29TH APRIL, a5:00PM

SAMINA MISHRA is a documentary film-maker, writer and teacher based in New Delhi, with a special interest in media for and about children. Her work uses the lens of childhood, identity and education to reflect the experiences of growing up in India. She also runs The Magic Key Centre for the Arts and Childhood. Samina’s books include Shabana and the Baby Goat, My Friends in the City, My Sweet Home and 101 Children’s Books We Love! (co-author) among others. Her latest book with Duckbill called Nida Finds a Way will be out in 2021.


29TH APRIL, 12:15PM

Chinmay Patgaonkar is a fourteen-year-old student studying at Indus International School. His first novel The Last 21 Hours A Bullet That Shook the White House is a thriller. Chinmay likes listening to music, writing, reading, watching movies and is a massive sports fan. He is also an avid traveler and enjoys road journeys. Above all he loves meeting people and exchange stories. He currently lives in Pune with his parents, a sister, and a dog. He also has a blog called ‘Stories, You & Me’.



30TH APRIL, 12:45PM

Shaguna Gahilote is a performance storyteller. She is a maths wizard with a double master’s degree, having studied in both India and the UK, where she was a Commonwealth Scholar. She came back to India to work on conserving rare and dying folk art forms. She has worked as an education, peace and culture specialist and helms Ghummakkad Narain: The Travelling Literature Festival and Kathakar: International Storytellers Festival, now in its tenth edition.
Shaguna spends her days writing, drawing cartoons, solving maths problems with her nephew and looking after her pet Labrador, Ginger, as well as her neighbourhood strays. She has trotted around the world on a staple diet of potatoes, eggs and hummus.


30TH APRIL, 12:45PM

Prarthana Gahilote has been a journalist with the national media-spanning print, TV and digital platforms-for over two decades, with a stint in the UK as a Chevening Scholar. She is the festival director of Kathakar: International Storytellers Festival, India’s first and only oral storytelling festival. Prarthana suffers from wanderlust and loves walking the Himalayan forests whenever she can escape her homes in Delhi or Mumbai. When not occupied with the alphabet, she is found spinning yarns with family and friends, pampering her nephew, Raghav, and her pet, Ginger. She has an ever-growing collection of books, fountain pens and antiques. She directs short films, documentaries and digital concerts. She also writes poetry in Hindustani as well as lyrics for songs. She can’t live without music or gulab jamuns.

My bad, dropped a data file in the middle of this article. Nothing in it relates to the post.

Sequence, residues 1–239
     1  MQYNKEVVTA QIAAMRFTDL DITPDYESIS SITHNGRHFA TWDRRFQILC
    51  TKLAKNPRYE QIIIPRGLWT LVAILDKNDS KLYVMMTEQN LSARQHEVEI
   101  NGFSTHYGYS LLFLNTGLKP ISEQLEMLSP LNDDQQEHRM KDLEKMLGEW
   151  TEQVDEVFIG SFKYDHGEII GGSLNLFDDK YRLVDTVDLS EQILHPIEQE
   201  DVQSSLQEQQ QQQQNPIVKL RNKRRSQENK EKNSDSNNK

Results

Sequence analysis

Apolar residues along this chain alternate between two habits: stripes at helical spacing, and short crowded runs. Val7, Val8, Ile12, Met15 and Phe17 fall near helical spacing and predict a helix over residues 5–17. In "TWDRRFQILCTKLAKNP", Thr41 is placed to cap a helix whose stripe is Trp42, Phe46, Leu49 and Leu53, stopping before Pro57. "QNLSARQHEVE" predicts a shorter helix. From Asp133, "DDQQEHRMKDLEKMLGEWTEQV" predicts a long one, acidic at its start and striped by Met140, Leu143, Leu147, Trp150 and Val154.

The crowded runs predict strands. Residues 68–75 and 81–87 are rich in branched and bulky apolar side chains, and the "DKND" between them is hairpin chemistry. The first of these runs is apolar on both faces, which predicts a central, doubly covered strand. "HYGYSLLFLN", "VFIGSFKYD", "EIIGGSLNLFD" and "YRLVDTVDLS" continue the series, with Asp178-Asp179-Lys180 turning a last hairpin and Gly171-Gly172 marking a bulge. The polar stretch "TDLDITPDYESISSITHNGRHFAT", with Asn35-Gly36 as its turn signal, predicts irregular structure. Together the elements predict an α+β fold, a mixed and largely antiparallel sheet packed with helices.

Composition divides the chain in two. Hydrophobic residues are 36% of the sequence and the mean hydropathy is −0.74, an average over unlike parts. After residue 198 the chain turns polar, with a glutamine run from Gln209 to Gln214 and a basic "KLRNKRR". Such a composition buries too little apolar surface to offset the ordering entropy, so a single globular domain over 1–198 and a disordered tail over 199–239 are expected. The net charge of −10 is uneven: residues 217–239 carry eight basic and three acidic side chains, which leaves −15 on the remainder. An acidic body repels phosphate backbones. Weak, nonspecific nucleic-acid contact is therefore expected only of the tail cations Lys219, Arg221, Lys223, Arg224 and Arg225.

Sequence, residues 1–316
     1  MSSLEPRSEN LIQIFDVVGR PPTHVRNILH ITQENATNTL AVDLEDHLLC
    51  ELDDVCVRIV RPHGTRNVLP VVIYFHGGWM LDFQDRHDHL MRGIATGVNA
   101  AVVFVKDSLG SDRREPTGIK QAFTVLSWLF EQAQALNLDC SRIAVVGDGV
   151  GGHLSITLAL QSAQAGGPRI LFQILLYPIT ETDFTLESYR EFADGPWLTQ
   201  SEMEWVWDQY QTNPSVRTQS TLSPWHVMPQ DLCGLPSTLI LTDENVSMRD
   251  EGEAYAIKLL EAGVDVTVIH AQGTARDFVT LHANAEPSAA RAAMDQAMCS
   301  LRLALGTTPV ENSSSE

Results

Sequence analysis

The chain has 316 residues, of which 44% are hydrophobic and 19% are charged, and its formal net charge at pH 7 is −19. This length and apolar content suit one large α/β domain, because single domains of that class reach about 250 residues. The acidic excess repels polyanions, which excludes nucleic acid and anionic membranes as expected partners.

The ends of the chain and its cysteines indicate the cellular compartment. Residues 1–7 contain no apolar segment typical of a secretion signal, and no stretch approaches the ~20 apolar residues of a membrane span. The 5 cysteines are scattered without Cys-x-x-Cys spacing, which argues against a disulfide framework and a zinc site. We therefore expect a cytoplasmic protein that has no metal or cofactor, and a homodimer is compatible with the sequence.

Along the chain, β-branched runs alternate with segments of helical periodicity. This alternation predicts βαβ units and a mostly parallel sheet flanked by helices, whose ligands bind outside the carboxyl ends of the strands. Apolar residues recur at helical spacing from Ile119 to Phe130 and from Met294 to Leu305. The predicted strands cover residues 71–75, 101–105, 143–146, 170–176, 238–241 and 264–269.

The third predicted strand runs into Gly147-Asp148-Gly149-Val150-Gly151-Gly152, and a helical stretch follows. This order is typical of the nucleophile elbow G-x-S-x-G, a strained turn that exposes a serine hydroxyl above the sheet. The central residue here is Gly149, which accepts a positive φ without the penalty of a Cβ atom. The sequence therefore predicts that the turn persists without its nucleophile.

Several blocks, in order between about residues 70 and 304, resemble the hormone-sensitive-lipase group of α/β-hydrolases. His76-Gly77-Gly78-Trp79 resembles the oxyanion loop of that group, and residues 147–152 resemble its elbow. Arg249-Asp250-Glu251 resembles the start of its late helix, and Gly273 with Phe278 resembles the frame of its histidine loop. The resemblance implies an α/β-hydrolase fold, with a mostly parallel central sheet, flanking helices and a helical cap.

30TH APRIL, 2:00PM

Adi is a lawyer working at the Vidhi Centre for Legal Policy, where he advises the Central Government, State Governments, and the judiciary on various matters concerning law and policy. He is also a blogger. The aim of his blog is to document his weekends sojourn across the seven cities of Delhi, blogging as he goes. His formula is not to narrate history, but to tempt you to visit the spots, look around, and discover the history for yourself. He says, ‘Delhi is a beautiful place. As you stroll through a posh suburb, you may stumble across a 14th century palace frequented by Ibn Battuta. As you drive down a wide boulevard, you may spot a great Mughal spymaster’s unfinished tomb. If you know where to look, Delhi is bound to awaken within you the urge to record your experiences through prose, poetry, or photos.’


30TH APRIL, 3:00PM

Shrayana Bhattacharya trained in development economics at Delhi University and Harvard University. Since 2014, in her role as an economist at a multilateral development bank, she has focused on issues related to social policy and jobs. Prior to this, she worked on research projects with the Centre for Policy Research, SEWA Union and Institute of Social Studies Trust. Her writing has appeared in the Indian Express, EPW, Indian Quarterly and The Caravan. She lives in New Delhi.



30TH APRIL, 4:30PM

Neil Jarial, is an author and the founder of The Magic of Books, a leading storytelling club for young kids, empowering young children to read, learn and grow. Ms Jarial has experience of more than 5 years as a storyteller and is popularly known as Aunty Neil to the young ones.


Through Fiction-Ally, Nayra hopes to share her love for literature with young students like her, engage them in creatively thinking about the world around them and bring to light important issues to encourage collective action.
Nayra Kohli is a student at the Wellington College, in the UK. Throughout her childhood and schooling, she has been extremely moved and influenced by artform and literature. This pushed her to take up playing the piano (for which she is currently training to take her Trinity Grade 8 exams) and pursue drama both academically and on stage. Through her involvement with the performing arts, Nayra became deeply aware of the representation of social issues through performance, and it’s positive impact on advocacy and creating awareness. Nayra is especially passionate about fighting for gender equality, and using writing as a tool to explore and share diverse experiences and stories.